Sarsfields (@1.57) vs Cathaoir an Ri (@2.62)
14-09-2019

Our Prediction:

Sarsfields will win

Sarsfields – Cathaoir an Ri Match Prediction | 14-09-2019 09:00

12. Thereafter then a message was sent by Cormac to Buchet to ask her (in marriage). And Cormac did not take him (as his son) until the Leinstermen swore that the boy was his. So then they say that on the following evening she was brought by force to Cormac, and she staid with him only that night, and then escaped from him. He gave her not, for to give her belonged, not to him, but to her father. But on that night there entered her womb the son of Cormac, Carbre Lifechair (so called because) he loved Liffey and in Lifechair he was fostered between his mother's tribe and his fathers tribe.

Also, Manannn rewards him with a wonderful gold cup which breaks if three lies are spoken over it and is made whole again if three truths are spoken.[12] Cormac used this cup during his kingship to distinguish falsehood from truth. In the tale His Three Calls to Cormac (IV.11) the Irish King is tempted by the sea-god Manannan mac Lir with treasure, specifically a "shining branch having nine apples of red gold," in exchange for his family. When Cormac died, the cup vanished, just as Manannan had predicted it would. Cormac is led into the Otherworld and taught a harsh lesson by Manannn, but in the end his wife and children are restored to him.

It seems to have been the name of the residence of the ancient chiefs of Tradry. Clann-Dealbhaoith. - This was the tribe name of the O'Neills of Tradry, a fertile territory in the county of Clare, the extent of which is presered in the deanery of Tradry, which contains the parishes of Tomfinlough, Killnasoolagh, Kilmaleery, Kilconry, Clonloghan, Drumline, Feenagh, Bunratty, Killaneen, and the Island of Inis-da-drom, in the south of the county of Clare. After the defeat of De Clare and his adherents, O'Brien gave the Mac Namaras the whole of this territory, which is the richest in all Thomond.Is under O'Neill, chief of Fionnluaraigh;727 727. Fionnluaraigh. - This name is now unknown. The land of the poetical Clann Dealbhaoith726 726. The O'Neills of this race are still extant, but reduced to obscurity and poverty. If tradition may be relied upon, the family of Creagh is a branch of them.The host of Tradraighe come into his house,Of lank yellow-flowing tresses.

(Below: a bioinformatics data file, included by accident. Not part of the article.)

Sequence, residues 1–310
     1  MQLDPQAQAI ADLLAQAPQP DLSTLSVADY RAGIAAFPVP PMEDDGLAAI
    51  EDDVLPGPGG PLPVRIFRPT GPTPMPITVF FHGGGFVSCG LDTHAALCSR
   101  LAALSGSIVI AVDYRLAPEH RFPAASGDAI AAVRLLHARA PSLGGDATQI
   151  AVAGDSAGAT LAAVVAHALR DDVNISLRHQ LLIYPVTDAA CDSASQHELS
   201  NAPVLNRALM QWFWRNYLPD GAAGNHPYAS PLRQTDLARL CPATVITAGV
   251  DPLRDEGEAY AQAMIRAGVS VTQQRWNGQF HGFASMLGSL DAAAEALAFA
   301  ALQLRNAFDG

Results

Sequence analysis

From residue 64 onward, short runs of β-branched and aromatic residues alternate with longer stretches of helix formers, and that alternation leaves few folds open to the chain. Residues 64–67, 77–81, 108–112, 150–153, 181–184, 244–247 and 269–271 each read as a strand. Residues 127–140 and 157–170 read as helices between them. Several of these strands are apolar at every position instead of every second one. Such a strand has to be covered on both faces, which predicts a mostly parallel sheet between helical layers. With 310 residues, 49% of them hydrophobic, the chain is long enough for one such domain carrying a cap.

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- The name of this family is now anglicised O'Meagher, but more generally Meagher or Maher, without the prefix O'. The O'Meachairs. Mightily have they filled the land,The O'Meachairs771 - the territory of Ui-Cairin, 771. Bearnan-Eile, i.e., the gapped mountain of Ely, now called in English the Devil's Bit Mountain.It is no shame to celebrate their triumph. Their territory of Ui-Ciarin is now called Ikerrin, and is a barony in the north of the present county of Tipperary.A tribe at the foot of Bearnan-Eile;772 772.

Ui Liathain. O'Anamchadhas. See Hibernia Expugnata, lib. 73, 74. Their territory was nearly coextensive with the present barony of Barrymore, in the county of Cork. - This name is obsolete, or changed into some anglicised form not now recognisable. is its rightful chief,A host of thin-edged arms of best nobility. hero of renown,Hardy divisions of the battalion of Munster,The head of the O Anamchadhas550 550. - This tribe derived their name and origin from Eochaidh Liathanach, son of Daire Cearba, ancestor of the Ui-Fidhgeinte. 8, 19, and Leabhar na gCeart, pp. ii., c. King of Ui-Liathain,549 549.